Civilization is forever dependent upon synthetic polymers (i.e. 'plastics') for the foreseeable future. Truth is, very little plastic waste is recycled, biodegradation is very slow, and the original raw materials and energy consumed in production are not recouped. Further, the chemical industry is deeply entrenched, and there are few classes of monomers that can be used for the commercially-viable production of synthetic polymers on the commodity volume scale
The Sita Group pursues the development of new molecular organometallic catalysts and polymerization processes that can produce the next generation of synthetic polymers in a highly efficient, versatile and scalable fashion from existing inexpensive and abundant monomer feedstocks. Polyolefins comprise the largest component of synthetic polymers, and accordingly, the largest component of plastic waste. Our goal is to 'reimagine' how polyolefins can be produced from the same monomers but with different structures, stereochemical tacticity, and with new types of chemical functionality and physical properties. Our ultimate objective is the design, development, and production of next generation polyolefins that are more amenable to recycle and upcycle and that have a greatly reduced negative environmental and energy impact.
The Sita Group has pioneered a class of transition metal complexes and unique processes that can be used for the 'living' polymerization of a wide variety of alpha-olefins to produce an infinite variety of new fundamental forms of polyolefins in highly efficient, versatile, and scalable fashion to provide practical quantities - from grams to kilograms to kilotons as desired. We have established a 'one catalyst - many materials' paradigm that permits wide tunability of polyolefin structure, stereochemical tacticity, degree of polymerization, and molecular weight distribution by controlling external reaction variables, rather than having to synthesize and screen large libraries of catalyst derivatives for each new material. Our successful, well proven approach allows us to productively focus on the design and investigation of next generation polyolefins with unprecedented structures and properties and as the basis for new science, applications, and technologies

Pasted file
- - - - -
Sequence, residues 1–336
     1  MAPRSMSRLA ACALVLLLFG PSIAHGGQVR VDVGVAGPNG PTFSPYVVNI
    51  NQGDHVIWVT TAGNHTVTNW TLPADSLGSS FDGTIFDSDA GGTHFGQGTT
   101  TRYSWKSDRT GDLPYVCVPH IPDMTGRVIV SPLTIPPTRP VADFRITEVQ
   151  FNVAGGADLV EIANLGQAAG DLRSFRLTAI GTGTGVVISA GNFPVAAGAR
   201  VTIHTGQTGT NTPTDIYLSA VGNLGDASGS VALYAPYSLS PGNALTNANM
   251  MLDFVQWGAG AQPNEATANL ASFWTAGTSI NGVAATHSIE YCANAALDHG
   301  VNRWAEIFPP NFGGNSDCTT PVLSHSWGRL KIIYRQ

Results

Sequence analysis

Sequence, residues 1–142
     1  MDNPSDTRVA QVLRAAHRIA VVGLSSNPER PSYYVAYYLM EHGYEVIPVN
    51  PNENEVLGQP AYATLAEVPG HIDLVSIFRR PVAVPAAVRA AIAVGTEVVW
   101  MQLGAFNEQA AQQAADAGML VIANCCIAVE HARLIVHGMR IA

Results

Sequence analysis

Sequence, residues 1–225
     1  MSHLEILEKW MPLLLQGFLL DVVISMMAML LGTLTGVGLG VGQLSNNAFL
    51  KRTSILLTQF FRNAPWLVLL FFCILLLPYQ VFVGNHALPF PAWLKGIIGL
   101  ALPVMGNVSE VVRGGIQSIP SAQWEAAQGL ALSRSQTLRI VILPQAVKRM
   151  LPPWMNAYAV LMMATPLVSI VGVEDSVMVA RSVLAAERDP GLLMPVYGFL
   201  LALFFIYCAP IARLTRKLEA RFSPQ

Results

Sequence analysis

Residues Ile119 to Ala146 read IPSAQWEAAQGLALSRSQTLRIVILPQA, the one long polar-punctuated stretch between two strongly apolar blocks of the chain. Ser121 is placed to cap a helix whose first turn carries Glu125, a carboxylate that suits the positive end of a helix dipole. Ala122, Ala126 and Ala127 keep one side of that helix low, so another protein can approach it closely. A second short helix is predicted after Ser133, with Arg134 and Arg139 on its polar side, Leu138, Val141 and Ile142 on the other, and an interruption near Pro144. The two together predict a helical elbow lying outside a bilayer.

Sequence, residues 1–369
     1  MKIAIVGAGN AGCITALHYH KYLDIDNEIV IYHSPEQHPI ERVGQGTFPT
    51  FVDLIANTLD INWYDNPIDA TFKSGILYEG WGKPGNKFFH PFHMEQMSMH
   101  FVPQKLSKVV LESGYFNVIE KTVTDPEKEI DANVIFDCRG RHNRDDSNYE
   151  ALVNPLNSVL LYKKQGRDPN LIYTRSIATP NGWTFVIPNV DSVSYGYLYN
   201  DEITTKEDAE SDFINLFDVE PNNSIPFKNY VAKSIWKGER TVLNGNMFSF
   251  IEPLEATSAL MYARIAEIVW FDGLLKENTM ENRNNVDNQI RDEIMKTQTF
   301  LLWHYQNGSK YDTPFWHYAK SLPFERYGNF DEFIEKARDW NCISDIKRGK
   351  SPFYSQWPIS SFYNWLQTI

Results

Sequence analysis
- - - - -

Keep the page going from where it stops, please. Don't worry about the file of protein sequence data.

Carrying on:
A unique feature of our LCCTP process is the ability to produce scalable quantities of end-group functionalized polyolefins (x-PAOs) as a fundamental new class of hydrophobic building block with tunable occupied free volumes, and including those that are optically active. By coupling x-PAO 'tails' with functional molecular 'head' groups, a wide variety of canonical and non-canonical condensed phase nanostructures can be accessed in both the bulk and within ultrathin films. The Sita Group is pursuing the design, characterization, and utilization of these nanostructured polyolefin conjugates in key technologies, such as organic solar cells and photon upconversion. Soft matter Frank-Kasper phases are also being explored within the contexts of Systems Chemistry and the origins of life.
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